The Connecticut River Valley contains some of the richest agricultural lands in the northeast. It has been a vital crossroads for Native peoples for more than 10,000 years. European explorers and settlers of the sixteenth and seventeenth centuries encountered an indigenous people who had developed intricate spiritual relationships with the land and all other living beings in their environment. Agrarian rhythms defined the newly-arrived colonists' relationships with the land. Agricultural practices such as a common field system reflected the essentially communal culture of western Europe in the 1600s and early 1700s, as did the way in which people lived in and used their homes. Most early European settlers viewed the North American landscape as a vacant wilderness to be possessed, planted, and subdued. Most New England towns took care to make sure that town founders, called proprietors, received land suitable for tillage, pasture and wood harvesting. Flour mills and sawmills were among the earliest and most important industries in colonial settlements. The Puritans who founded many New England towns intended their communities to be models of Christian love and good government. The meetinghouse was the center of public and religious life.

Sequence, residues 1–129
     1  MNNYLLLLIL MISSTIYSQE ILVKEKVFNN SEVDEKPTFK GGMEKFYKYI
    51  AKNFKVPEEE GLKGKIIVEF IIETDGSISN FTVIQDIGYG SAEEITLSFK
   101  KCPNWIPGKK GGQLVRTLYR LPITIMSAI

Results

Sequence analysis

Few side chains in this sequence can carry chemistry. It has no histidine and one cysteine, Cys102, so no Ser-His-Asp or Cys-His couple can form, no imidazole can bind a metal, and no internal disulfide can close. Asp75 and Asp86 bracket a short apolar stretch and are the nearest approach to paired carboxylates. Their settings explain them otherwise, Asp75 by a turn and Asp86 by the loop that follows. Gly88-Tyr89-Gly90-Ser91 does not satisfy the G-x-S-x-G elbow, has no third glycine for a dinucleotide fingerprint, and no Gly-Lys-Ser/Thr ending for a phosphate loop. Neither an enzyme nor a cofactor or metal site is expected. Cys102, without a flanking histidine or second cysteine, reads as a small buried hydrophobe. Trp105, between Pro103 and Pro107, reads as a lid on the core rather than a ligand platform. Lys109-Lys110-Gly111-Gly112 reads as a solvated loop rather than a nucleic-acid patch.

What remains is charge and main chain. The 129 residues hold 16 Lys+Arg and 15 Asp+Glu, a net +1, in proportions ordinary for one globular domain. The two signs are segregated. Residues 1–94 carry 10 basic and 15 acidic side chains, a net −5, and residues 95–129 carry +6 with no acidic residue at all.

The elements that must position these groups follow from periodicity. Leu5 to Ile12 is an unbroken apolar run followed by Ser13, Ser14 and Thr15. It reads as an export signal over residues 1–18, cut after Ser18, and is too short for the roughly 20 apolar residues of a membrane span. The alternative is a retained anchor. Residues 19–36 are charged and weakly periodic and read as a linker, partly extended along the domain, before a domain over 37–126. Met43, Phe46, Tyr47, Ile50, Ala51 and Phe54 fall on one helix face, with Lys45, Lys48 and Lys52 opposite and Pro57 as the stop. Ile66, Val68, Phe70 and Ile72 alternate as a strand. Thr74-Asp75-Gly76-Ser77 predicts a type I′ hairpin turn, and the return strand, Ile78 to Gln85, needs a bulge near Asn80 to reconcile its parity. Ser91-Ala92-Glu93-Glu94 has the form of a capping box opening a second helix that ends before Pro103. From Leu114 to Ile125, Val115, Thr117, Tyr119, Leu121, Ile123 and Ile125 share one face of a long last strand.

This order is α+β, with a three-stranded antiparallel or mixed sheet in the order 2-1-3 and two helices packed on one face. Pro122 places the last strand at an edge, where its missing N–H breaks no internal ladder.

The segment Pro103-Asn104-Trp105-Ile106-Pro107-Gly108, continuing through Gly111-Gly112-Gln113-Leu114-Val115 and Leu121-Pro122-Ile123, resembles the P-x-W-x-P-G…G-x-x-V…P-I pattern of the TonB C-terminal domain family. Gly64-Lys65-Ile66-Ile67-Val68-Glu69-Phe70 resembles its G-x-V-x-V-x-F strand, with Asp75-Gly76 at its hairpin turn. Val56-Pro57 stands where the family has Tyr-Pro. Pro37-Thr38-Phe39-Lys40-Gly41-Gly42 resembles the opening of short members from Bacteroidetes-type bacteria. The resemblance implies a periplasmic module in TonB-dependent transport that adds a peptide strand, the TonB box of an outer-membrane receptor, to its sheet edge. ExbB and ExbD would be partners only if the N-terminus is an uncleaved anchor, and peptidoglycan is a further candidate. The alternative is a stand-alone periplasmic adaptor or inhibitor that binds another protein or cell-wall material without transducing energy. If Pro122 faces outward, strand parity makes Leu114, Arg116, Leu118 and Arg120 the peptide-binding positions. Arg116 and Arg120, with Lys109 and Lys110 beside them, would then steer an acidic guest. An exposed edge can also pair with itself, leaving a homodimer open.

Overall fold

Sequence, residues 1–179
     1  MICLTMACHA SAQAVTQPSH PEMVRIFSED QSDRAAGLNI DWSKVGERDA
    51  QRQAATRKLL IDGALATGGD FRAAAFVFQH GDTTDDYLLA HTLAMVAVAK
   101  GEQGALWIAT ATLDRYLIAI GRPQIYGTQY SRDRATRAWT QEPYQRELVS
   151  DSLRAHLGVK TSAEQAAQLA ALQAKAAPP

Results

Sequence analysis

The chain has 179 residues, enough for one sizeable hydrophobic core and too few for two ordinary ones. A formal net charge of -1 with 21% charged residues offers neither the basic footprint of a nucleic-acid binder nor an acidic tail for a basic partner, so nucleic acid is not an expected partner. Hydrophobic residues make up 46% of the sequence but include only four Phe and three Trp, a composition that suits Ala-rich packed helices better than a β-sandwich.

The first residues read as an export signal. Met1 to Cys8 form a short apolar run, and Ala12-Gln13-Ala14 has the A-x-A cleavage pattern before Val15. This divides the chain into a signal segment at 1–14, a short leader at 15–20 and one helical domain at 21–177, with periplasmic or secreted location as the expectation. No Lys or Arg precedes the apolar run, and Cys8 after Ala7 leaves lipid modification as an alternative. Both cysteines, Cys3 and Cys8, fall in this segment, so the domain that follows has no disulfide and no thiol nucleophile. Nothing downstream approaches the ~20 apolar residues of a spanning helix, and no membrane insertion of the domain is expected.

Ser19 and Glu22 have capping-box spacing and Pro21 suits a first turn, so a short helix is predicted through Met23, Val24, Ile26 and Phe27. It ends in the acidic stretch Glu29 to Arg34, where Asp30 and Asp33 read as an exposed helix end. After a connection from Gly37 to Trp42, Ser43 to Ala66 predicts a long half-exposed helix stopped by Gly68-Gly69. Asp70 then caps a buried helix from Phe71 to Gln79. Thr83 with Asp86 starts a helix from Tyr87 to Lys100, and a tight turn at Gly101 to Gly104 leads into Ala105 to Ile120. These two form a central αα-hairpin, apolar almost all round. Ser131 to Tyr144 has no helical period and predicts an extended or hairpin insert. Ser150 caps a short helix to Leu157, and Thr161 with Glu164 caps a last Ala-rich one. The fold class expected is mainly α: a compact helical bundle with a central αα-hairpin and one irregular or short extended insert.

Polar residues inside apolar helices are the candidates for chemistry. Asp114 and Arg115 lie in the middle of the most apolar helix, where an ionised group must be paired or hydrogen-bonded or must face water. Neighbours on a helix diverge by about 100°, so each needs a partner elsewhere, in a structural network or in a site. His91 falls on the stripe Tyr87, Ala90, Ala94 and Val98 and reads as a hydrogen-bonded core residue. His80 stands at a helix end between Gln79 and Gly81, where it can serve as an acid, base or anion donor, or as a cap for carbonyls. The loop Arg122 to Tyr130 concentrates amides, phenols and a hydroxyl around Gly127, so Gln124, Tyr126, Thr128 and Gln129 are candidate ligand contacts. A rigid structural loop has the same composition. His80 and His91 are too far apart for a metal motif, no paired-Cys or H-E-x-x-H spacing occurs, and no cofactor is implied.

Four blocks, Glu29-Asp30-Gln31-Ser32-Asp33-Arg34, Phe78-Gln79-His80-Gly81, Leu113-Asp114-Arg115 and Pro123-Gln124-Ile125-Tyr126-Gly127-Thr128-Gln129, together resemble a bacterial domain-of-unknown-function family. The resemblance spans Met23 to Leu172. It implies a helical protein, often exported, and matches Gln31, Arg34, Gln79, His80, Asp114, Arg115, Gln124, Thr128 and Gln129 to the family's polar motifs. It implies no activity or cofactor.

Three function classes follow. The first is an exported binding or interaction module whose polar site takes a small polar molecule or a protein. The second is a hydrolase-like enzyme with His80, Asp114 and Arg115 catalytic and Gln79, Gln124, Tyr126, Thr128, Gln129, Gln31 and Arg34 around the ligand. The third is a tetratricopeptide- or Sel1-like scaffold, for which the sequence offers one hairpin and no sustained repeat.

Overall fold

Lot Survey of Deerfield, Massachusetts, c. 1686
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